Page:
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High School Chemistry - Core Concept Cheat Sheet

16: Drawing Molecules – Lewis Structures

Key Lewis Structure Terms Arranging Atoms in Lewis Structures
 Valence Shell: Electrons in the outermost shell that are
involved in bonding. 1. For molecules with only 2 elements, arrange the atoms
 Valence Bond Theory: Overlap of atomic orbitals forming symmetrically.
the bond. 2. “COOH” is a carboxylic acid (both O’s bond to the C and
 Covalent Bond: Bond formed between two nonmetals that the H goes on one of the O’s).
involves shared electrons. 3. Hydrogen and halogens cannot go in the middle.
 Octet Rule: Atoms are most stable with a full valence shell 4. Write the remaining atoms in the order they appear in the
(in most cases is “8”). formula.
 Lewis Structure: A 2D representation of a molecule and 5. Write the hydrogen and halogen atoms around the
its bonds. element they are written next to in the formula.
 Lone Pair: Pair of electrons not being shared in a bond.
 Bonding Pair: A pair of electrons is to form a bond. Both
atoms sharing the electrons can “count” them in their
Drawing Covalent Lewis Structures
valence shell.
 Single bond: One pair of shared electrons. 1. Arrange the atoms as above.
 Double bond: Two pairs of shared electrons. Shorter and 2. Determine the # of valence electrons for each atom.
stronger than a single bond. 3. Draw the valence electrons—do not double up where a
 Triple bond: Three pairs of shared electrons. Shorter and bond is going to form between two atoms.
stronger than a double bond. 4. Count to see if all atoms have full valences (notice the
 Polyatomic Ion: Group of atoms covalently bonded exceptions).
together that have a net charge. 5. If two atoms adjacent to each other do not have full
 Ionic Compound: Electrons are transferred from one valences, move in an electron from each to form a double
atom to another. Transfer of electrons results in net bond. Repeat for triple bond if necessary.
charges, which bond with electrostatic attraction. 6. If two atoms that are not adjacent to each other need to
double bond, try moving a hydrogen to one of them to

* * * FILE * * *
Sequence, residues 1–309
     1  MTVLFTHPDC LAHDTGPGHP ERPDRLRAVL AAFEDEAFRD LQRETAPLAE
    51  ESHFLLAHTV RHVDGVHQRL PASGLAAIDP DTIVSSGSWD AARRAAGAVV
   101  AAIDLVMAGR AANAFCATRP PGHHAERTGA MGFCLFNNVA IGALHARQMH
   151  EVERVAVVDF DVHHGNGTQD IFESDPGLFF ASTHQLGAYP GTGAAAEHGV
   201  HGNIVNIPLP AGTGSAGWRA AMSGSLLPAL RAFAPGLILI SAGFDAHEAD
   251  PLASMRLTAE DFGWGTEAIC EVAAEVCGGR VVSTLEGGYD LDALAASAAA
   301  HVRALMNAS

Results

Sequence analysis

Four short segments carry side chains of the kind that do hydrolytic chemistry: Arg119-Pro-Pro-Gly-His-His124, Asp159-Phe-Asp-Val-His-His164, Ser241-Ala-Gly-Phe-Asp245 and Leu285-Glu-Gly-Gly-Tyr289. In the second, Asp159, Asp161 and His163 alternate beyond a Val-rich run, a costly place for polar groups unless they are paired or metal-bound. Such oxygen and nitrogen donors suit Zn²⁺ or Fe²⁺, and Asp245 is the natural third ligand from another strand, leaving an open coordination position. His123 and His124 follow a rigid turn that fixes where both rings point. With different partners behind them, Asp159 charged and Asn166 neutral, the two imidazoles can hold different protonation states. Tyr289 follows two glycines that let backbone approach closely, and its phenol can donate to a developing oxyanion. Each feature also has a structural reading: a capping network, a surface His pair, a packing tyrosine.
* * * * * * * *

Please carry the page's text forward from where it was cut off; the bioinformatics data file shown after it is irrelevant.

Determining # of Valence Electrons cause two atoms adjacent to each other to need the
Determining valence electrons from the periodic table: double bond.

1 2 3 4 5 6 7 8
Single bonds:

Note: Valence electrons in transition metals are not as

Double bonds:
reliable and predictable as the ones in main group elements.
Drawing Lewis Structures for an Element
1. Use the element symbol to represent the nucleus and
core electrons.
Polyatomic anion:
2. Determine # of valence electrons.
3. Draw valence electrons—placing one on each side before
doubling up. Drawing Ionic Lewis Structures
Transfer the electrons from the metal to the nonmetals until
HONC Valence Rule Mnemonic: The electrons needed for
all have full valences and the net charge = 0
full valence shell and covalent bonds formed are H(1), O(2),
N(3) and C(4) = HONC.
Ionic compound (BaF2): Ba+2 2F-1
Exceptions to the Octet Rule
1. Hydrogen and Helium can only hold 2 electrons (they
only have a 1s orbital).
2. Boron and Beryllium can be full with 6 electrons. Another Approach to Lewis Structures
3. Any element in period 3 or below can have more than 8
electrons (they have empty d orbitals that can hold
1. Arrange the atoms as above.
2. Determine the total # of valence electrons for the whole
Octet Exception Mnemonic: H&He: 2(full valence); Be: 4;
3. Put one bonding pair between each set of atoms to be
B = 6; S&P > 8 = “2 Hawks and Hens (2-legs); 4 Bears (4-
legs); 6 Bugs (6-legs); many SPiders (<8 legs).”
4. Place remaining electrons in lone pairs, starting with the
most electronegative element.
Note: Elements in period 3 and below have empty “d”
5. If atoms do not have full valence shells, move a lone pair
orbitals that can be used to hold more than 8 valence
from an adjacent atom in to double, or triple, bond.
electrons (18 Electrons Rule). Free radicals with one unpaired
electron clearly do not follow the Octet rule.

How to Use This Cheat Sheet: These are the keys related to this topic. Try to read through it carefully twice then write it out on a
blank sheet of paper. Review it again before the exams.

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